The Olson file
By DOUGLAS OLSON
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Financially and politically, I was little more than a snot-nosed kid when Congress created the 401(k) retirement savings program in 1978. But even then I smelled a rat.
On the surface, it sounded like a good deal just like so many of the disasters propagated by government. Big Brother would magnanimously allow workers to "defer" a certain, limited amount of income into a long-term investment account without paying taxes on those dollars! Funds in the account would (presumably) grow tax-free for the taxpayer's entire working life, and could not be withdrawn without a horrendous penalty until the individual reached age 591/2. At age 701/2, a certain amount would have to be withdrawn each year.
Besides the initial tax avoidance, the selling point was that the taxes paid as the money was withdrawn would be at a lower rate than otherwise, since the worker would have a lower income in retirement.
So what's not to like?
Well, even with virtually no real consideration of my own eventual
retirement, and only a vague memory of John Lennon, Ingmar Bergman, and
other celebrities of the day fleeing Britain and the Scandinavian countries to
Who knew what the U.S. tax rate would be in that unbelievably far-off year, starting with the bizarre number 20 instead of 19, when I would be withdrawing funds from a 401(k) account if I had one? Could the tax actually be more than the income I received? It had happened in Europe who was going to say it couldn't happen here?
Even as a naïf, I instinctively realized that one could never count on the government not to implement a confiscatory tax rate within any period of half a century. Even then I was able to discern the political difference between "unearned" investment income and wages for actual work and discern also that the former could be demagogued by socialist politicians and taxed unmercifully for the benefit of "working Americans" who chose not to save anything for their old age.
In short, I foresaw Obama and his cohorts in the 111th Congress. But I
underestimated the evil and venality of current-day politicians it's
hard to imagine the unimaginable, especially as an inexperienced youngster.
The proposals are far more Draconian and confiscatory than my innocent fear
Before Obama was sworn in even before he won the election
the House of Representatives held hearings, in October 2008, on a plan for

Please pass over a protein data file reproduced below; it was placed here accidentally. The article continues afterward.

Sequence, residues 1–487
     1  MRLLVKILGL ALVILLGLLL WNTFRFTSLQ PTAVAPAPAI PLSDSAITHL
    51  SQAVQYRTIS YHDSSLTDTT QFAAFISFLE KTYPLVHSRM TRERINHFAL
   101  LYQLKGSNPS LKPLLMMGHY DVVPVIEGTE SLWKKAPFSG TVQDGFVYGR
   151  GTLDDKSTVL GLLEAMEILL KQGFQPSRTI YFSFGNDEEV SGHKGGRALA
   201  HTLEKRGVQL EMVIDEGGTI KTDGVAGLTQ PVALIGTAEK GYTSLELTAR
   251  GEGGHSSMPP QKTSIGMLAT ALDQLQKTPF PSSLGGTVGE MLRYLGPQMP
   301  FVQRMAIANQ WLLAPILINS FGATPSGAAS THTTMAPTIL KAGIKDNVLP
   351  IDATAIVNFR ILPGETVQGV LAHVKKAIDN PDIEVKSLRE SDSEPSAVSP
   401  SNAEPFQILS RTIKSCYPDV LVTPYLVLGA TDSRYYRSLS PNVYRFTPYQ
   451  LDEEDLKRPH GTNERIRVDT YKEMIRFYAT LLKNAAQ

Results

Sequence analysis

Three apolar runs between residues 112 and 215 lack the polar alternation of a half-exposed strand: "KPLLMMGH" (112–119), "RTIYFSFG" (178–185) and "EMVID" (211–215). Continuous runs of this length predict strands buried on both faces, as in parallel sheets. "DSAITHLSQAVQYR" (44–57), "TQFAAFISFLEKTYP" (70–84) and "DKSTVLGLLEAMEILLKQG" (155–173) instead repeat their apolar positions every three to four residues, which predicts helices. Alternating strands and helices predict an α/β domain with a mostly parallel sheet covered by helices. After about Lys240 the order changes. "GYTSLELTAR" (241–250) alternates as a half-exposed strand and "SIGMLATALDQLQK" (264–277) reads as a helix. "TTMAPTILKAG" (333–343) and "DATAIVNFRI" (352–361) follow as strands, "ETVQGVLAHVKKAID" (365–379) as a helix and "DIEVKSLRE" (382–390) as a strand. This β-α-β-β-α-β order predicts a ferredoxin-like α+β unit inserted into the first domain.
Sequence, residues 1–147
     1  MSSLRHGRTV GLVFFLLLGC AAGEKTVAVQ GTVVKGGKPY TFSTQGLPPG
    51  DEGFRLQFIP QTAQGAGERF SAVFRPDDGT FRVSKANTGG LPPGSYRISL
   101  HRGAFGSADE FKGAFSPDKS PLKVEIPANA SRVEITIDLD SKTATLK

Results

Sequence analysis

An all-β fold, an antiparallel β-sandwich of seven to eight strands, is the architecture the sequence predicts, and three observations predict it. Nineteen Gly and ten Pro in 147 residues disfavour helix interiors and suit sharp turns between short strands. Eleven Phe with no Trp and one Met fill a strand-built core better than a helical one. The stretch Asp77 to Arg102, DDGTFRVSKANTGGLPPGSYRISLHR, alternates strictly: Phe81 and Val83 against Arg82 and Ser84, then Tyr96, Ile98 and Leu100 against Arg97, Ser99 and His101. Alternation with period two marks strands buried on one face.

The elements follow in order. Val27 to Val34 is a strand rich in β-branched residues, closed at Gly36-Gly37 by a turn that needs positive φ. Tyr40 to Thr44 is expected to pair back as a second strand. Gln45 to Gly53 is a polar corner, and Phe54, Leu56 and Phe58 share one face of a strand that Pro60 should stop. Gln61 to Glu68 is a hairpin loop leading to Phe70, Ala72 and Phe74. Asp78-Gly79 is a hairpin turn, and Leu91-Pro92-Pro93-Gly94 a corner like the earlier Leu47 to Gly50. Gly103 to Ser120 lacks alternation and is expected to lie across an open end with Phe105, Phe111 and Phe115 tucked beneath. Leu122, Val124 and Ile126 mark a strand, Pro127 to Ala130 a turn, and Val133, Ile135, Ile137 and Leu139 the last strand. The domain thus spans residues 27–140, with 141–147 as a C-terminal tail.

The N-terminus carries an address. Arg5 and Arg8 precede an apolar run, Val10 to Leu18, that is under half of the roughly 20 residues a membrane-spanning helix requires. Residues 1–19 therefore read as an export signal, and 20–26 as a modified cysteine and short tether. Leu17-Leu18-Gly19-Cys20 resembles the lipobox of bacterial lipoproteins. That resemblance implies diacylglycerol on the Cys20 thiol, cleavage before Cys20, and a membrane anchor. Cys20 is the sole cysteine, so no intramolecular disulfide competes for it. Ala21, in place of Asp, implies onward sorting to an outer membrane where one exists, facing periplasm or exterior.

federal seizure and confiscation of the
Never mind that the same government considering that scheme is trumpeting
the fact that Social Security is hopelessly insolvent and will be unable to
make even the payments due within a decade from then-current revenues.
Never mind that the same government is aggressively silent on any action to
"solve" this politician-created disaster and that the Democrats, now
in charge, immediately bring the wrath of Karl Marx and his latter-day disciples in government and the media down on the head of any Republican who hints
at a free-market alternative for the slightest fraction of those who will
inevitably be left holding the fiscal bag.
The main witness at the October hearing was Teresa Ghilarducci, the "Irene and Bernard L. Schwartz Professor of Economic Policy Analysis at The New School for Social Research," in New York City. Those credentials alone should make any honest observer immediately suspicious.
Ghilarducci's written testimony is unbelievably sloppy, and almost incomprehensible in places, but her attitude is clear. She is a socialist if not an outright communist and she doesn't want anyone to have appreciable retirement assets outside government control.
In her opening paragraph she complains about the "corrosive effects" of 401(k) and similar plans, and complains that they "add to the profits and growth of the financial sector and extracted [sic] ever-increasing tax breaks from the Treasury." Horrors!
Her proposal is to seize the 401(k) funds and replace them with federally
administered "Guaranteed Retirement Accounts" composed of government
bonds, earning a
Ghilarducci's "long-term" answer is to force not just 401(k) participants but
everyone into a similar program, where an additional
If that doesn't send shivers down your spine, consider this.
Also unknown to me in the 1970s and, I daresay, unknown to most people today was the 1960 Supreme Court decision in Flemming v. Nestor, which declared that those who pay into Social Security have absolutely no contractual right to any benefits from that program. The Social Security "contribution" is simply another tax, declared the court; and Congress, with the signature of the president, has an absolute right to increase, reduce, or eliminate payments and other benefits at any time.
Think about that the next time you look under "FICA" on your pay stub.
April 25, 2009
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